A boy who grew up in a native Sicilian Village returns home as a famous director after receiving news about the death of an old friend. Told in a flashback, Salvatore reminiscences about his childhood and his relationship with Alfredo, a projectionist at Cinema Paradiso. Under the fatherly influence of Alfredo, Salvatore fell in love with film making, with the duo spending many hours discussing about films and Alfredo painstakingly teaching Salvatore the skills that became a stepping stone for the young boy into the world of film making. The film brings the audience through the changes in cinema and the dying trade of traditional film making, editing and screening. It also explores a young boy's dream of leaving his little town to foray into the world outside.Written by
By the end of the twelve month period for 1924, Italy's entire film output had not exceed 20 titles. As 220 titles were released during 1920, by 1924, Italian cinema was slowly dying. See more »
When the film is borrowed from a neighboring theater, we see that the projector is apparently located in the balcony of the theater, not in an enclosed projection room. Furthermore, the projector has a "magnetic penthouse" sound pickup, an attachment used to play early stereophonic prints. This process would not be invented until 1953 and not used widely until years after nitrate film was phased out. See more »
Maria Di Vita - Older:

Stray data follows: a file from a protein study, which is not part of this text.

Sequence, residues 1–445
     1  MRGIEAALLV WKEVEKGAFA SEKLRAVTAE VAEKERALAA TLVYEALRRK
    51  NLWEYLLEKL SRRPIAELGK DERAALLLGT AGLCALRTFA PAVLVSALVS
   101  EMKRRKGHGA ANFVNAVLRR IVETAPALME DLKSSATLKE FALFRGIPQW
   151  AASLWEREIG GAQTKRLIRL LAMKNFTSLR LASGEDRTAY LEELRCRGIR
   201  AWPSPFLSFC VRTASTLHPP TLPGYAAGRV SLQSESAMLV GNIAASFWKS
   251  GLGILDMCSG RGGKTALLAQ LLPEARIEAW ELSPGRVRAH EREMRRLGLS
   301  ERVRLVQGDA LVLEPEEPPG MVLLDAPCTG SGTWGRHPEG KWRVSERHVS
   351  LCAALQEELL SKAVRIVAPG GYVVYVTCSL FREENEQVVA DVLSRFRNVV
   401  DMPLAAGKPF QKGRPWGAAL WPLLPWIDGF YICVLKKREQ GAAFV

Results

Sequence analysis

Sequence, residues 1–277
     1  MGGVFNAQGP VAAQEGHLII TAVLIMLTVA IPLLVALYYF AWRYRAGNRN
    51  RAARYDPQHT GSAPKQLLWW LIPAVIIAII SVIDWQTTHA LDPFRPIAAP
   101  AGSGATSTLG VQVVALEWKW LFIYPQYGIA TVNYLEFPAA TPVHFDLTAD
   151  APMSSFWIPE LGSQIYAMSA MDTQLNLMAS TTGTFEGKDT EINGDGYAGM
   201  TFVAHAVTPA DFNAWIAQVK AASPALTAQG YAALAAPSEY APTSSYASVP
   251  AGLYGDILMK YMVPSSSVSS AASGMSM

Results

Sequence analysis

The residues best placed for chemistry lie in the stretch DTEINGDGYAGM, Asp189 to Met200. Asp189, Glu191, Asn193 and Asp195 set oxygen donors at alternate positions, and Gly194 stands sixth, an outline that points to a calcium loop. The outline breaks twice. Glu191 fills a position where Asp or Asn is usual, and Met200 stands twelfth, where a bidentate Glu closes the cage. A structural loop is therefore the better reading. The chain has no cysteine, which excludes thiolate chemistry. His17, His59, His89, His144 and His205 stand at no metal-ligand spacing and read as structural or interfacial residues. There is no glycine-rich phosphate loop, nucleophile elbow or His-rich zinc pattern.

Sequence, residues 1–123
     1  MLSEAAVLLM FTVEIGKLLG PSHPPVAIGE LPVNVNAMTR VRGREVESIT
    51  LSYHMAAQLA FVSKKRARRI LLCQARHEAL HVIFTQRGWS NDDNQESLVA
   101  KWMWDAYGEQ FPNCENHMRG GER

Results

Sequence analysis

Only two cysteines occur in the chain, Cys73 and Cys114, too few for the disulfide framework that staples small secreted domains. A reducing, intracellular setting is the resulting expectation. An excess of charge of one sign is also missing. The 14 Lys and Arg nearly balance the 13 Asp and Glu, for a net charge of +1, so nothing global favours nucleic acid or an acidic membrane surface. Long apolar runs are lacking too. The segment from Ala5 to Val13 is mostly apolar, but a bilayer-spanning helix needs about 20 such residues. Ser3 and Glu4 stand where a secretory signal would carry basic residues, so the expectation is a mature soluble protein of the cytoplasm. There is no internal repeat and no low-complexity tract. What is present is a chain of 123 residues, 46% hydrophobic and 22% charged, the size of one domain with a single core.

[on the phone]
Maria Di Vita - Older:
Yes, Salvatore di Vita. You mean you don't know him, Miss? That's right, and I'm his mother. I've been calling from Sicily, all day long. I understand, he's not there.
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The longer versions of the movie, which are not available in English, include the alternate ending wherein Salvatore and Elena meet in a shop upon his return to Rome. A snippet of this scene is in the US version credits, where an old Elena is seen turning around and looking at Salvatore. See more »
A beautiful film about the love of movies and life
I continue to be moved and deeply touched by this beautiful film from Italy, and I never tire of watching it. I share the lives of Toto and Alfredo, the small Sicilian boy, who loses his father in the second world war, and the older man who runs the projector at the local cinema. Toto lives in a world of make believe, movies, adventure. His dreams take him away from the small Sicilian village where he lives with his mother and sister. Alfredo becomes for him a surrogate father, and the movies, his paralell existence. It is a deceptively simple film, which sweeps you up and carries you along. You never want it to end. And, when it does end, it is with such heartbreaking simplicity, I cannot help being moved to tears. Young Salvatore Cascio is a marvel as the small Toto, a mischievous, impish, adorable child. Phillipe Noiret is unforgettable as the sly and heart-warming Alfredo. You grow up with Toto, until he becomes a famous film director in Rome, and returns to the small village after many years for Alfredo's funeral. It is the story of life, lost love, devotion, friendship, and family. It is unforgettable.
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